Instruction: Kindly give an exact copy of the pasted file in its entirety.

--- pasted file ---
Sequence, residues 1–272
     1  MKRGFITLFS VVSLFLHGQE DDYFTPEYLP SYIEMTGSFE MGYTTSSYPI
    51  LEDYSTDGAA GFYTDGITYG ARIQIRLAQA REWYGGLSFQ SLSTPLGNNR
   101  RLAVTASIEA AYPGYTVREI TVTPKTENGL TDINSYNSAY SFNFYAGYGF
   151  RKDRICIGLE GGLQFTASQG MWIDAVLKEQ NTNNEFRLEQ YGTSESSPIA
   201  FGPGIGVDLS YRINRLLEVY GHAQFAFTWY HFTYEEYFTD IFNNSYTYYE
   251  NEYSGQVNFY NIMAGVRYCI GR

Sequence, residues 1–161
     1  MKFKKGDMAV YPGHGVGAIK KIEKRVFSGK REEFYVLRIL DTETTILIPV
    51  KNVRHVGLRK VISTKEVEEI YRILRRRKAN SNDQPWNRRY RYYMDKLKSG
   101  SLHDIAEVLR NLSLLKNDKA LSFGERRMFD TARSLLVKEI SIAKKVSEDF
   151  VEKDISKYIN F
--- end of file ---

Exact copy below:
Sequence, residues 1–272
     1  MKRGFITLFS VVSLFLHGQE DDYFTPEYLP SYIEMTGSFE MGYTTSSYPI
    51  LEDYSTDGAA GFYTDGITYG ARIQIRLAQA REWYGGLSFQ SLSTPLGNNR
   101  RLAVTASIEA AYPGYTVREI TVTPKTENGL TDINSYNSAY SFNFYAGYGF
   151  RKDRICIGLE GGLQFTASQG MWIDAVLKEQ NTNNEFRLEQ YGTSESSPIA
   201  FGPGIGVDLS YRINRLLEVY GHAQFAFTWY HFTYEEYFTD IFNNSYTYYE
   251  NEYSGQVNFY NIMAGVRYCI GR

Sequence, residues 1–161
     1  MKFKKGDMAV YPGHGVGAIK KIEKRVFSGK REEFYVLRIL DTETTILIPV
    51  KNVRHVGLRK VISTKEVEEI YRILRRRKAN SNDQPWNRRY RYYMDKLKSG
   101  SLHDIAEVLR NLSLLKNDKA LSFGERRMFD TARSLLVKEI SIAKKVSEDF
   151  VEKDISKYIN F